What came after Wrath of the Lich King?

| Wednesday, January 9, 2013
It's no secret that I didn't like Cataclysm much. As a result, I didn't play it much.  Previously I'd played WoW every month since the fall of 2005.  A month or two after Cata launched, I stopped caring and stopped playing.  I later returned to see what was going on and left again.  About five months ago I started a new character with a few friends and essentially leveled up, ran a few LFR, and then MoP came out and I fled in terror.  All in all, much less exposure and no attachment to anything.  Beside Twilight Highlands, I have no nostalgia, no sense of "I miss doing that; wasn't that neat?"

In other words, Cataclysm essentially does not exist when I look back on WoW.  There is a fuzzy time when I didn't have much fun, and that's about it.  It's like a repressed memory, shut away so as to not ruin the otherwise fun time I had.

I've started running Wrath of the Lich King heroics, particularly the ICC 5-mans (for Quel'Dalar).  These should feel like very old content, yet they do not.  I feel as if I was just in them, as if they were just in the previous expansion.

I wonder if the level structure strengthens this sense of Cataclysm being little more than a big, bad patch.  Typically they've added ten levels, but Cataclysm and MoP only added five; though taken together they're a solid ten.  Add in my lack of raid experience in Cataclysm (LFR barely counts) and the overall effect is that I see MoP as the expansion that came after LK, with Cataclysm just being a patch that added a few instances.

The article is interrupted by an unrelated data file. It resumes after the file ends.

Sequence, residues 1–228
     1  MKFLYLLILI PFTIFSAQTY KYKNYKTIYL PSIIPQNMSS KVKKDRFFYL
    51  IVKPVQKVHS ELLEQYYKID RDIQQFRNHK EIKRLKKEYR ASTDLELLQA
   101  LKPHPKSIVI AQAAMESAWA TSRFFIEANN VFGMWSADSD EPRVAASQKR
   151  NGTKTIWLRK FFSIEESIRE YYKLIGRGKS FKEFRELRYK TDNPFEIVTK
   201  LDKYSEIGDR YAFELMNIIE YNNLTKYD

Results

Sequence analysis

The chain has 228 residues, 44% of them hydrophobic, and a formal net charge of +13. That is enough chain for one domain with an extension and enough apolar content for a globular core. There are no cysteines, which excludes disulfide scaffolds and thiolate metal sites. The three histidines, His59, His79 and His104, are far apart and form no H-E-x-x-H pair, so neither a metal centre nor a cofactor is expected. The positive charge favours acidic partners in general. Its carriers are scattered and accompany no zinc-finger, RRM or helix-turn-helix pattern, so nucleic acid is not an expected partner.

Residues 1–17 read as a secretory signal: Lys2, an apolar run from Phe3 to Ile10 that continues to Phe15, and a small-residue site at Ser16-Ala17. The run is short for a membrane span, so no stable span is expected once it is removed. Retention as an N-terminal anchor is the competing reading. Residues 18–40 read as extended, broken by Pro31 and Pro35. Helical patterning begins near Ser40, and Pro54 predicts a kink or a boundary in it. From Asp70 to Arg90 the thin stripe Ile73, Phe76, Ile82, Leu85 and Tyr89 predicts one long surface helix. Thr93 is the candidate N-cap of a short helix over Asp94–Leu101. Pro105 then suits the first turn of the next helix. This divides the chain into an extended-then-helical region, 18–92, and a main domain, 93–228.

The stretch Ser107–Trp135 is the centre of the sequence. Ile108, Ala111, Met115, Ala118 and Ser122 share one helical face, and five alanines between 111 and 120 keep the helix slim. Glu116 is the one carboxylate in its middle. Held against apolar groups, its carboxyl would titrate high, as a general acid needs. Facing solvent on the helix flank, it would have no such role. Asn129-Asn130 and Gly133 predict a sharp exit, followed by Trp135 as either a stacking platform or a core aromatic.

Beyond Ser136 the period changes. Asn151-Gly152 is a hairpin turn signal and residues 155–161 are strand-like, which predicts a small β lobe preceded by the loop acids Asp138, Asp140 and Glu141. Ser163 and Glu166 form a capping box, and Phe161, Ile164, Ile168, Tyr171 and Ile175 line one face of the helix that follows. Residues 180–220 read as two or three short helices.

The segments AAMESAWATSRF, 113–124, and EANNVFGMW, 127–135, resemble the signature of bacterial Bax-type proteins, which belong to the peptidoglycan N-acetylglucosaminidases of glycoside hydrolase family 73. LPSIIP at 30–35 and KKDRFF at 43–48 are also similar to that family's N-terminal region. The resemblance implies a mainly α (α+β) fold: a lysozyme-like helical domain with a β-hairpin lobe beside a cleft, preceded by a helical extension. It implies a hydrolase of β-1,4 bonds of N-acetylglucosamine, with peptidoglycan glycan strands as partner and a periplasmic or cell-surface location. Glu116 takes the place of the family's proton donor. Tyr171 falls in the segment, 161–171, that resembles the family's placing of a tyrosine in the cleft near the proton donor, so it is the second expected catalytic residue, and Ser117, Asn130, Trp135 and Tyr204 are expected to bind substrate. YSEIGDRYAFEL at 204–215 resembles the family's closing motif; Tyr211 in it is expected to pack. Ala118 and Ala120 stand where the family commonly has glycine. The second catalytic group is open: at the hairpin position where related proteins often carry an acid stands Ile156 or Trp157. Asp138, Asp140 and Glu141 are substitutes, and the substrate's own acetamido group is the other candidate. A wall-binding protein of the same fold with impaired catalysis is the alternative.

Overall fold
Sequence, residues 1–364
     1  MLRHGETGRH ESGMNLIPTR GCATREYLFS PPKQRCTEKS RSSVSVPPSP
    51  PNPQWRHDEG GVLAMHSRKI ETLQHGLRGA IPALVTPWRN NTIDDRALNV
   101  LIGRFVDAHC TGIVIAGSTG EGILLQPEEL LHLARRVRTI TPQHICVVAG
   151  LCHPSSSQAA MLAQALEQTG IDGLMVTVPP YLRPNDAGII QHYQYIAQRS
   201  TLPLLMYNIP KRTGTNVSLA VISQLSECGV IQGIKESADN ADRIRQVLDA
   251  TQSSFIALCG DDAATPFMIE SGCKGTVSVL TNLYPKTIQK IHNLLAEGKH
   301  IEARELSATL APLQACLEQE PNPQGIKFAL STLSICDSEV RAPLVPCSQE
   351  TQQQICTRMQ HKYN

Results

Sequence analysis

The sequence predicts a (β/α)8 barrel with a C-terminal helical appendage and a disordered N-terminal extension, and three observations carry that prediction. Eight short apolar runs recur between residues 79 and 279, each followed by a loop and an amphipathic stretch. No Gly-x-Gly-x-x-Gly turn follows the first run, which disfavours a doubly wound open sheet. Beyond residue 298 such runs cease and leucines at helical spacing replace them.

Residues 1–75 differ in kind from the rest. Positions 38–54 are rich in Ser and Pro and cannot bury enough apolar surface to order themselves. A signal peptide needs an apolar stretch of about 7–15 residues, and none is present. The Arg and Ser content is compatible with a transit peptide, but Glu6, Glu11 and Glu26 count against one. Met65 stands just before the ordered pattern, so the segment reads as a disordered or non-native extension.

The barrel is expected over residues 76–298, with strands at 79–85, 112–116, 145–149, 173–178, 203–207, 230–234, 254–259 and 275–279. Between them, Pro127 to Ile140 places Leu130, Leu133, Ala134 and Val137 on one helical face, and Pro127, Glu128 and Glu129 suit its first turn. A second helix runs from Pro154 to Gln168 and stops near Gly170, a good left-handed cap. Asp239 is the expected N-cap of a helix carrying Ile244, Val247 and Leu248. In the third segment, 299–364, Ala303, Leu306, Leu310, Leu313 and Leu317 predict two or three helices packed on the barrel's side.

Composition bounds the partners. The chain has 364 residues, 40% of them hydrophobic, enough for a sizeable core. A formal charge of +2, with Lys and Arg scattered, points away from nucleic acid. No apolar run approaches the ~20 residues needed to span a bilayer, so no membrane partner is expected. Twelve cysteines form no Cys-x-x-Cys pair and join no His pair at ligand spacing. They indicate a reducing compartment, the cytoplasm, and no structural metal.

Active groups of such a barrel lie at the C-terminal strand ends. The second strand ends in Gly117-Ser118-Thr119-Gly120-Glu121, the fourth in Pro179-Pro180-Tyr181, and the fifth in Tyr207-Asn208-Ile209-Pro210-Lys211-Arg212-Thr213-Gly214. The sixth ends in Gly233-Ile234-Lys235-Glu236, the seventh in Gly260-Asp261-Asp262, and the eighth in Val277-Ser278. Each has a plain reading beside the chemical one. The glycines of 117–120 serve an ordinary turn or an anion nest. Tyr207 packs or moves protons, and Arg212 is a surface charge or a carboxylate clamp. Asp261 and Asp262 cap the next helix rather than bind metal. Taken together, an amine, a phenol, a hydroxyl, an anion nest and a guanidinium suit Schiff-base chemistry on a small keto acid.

This leads me to a hypothesis: Players who only play for a short time in each expansion will tend to view them as smaller, with less content, and as less substantial, less dramatic a change to the game, than players who play for longer periods.

This would mean that players who play less don't merely get less value by playing less, but also by their perspective being different, so that for the same amount of content, they will view it as less.  Of course if there is less content, then there will be less willingness to pay for the next expansion, as it would appear as just an expensive patch.  I see this in my own behavior, in that I did not want to pay full price for MoP, though half price was sufficient.

I'm sure Blizzard realized this a while ago and it explains a behavior that sometimes confused me: adding new content mid-expansion.  While I understood that they wanted to keep subs going for the money, I did not see the other value: keeping a sub going adds value in the mind of the player.  Not only are they more invested, but they will feel as if they got more out of an expansion.

From this perspective, of keeping subs going having value beyond merely the sub price, it makes a great deal of sense that Blizzard would have absurdly slow daily grinds such as Golden Lotus.  EVen if players complain, merely by playing, they are increasing their sense of value from an expansion and will be more inclined to buy the next box that, from previous experience, they expect will be filled with content.


Coreus said...

In a way it's interesting that a "casual" player of an MMO would feel like they're getting any kind of value out of the package, considering how much of the game you don't even see if you're not deeply time-invested. I think Blizzard is getting better and better at balancing the game against many types of player [while obviously failing to please everyone].

Also nice to hear someone else praising Twilight Highlands. All the other Cata zones were a bit too cartoony and out there; Twihi felt like the iconic Cataclysm zone to me. I was so sad when I maxed my Dwarf People rep because I had no reason to go back for more drunken Horde killing.

Klepsacovic said...

Twilight Highlands felt like a perfectly Warcraft zone. It had the Horde-Alliance conflict, and the unification against the outside, even greater evil. To me it felt like a more violent Nagrand and I loved Nagrand.

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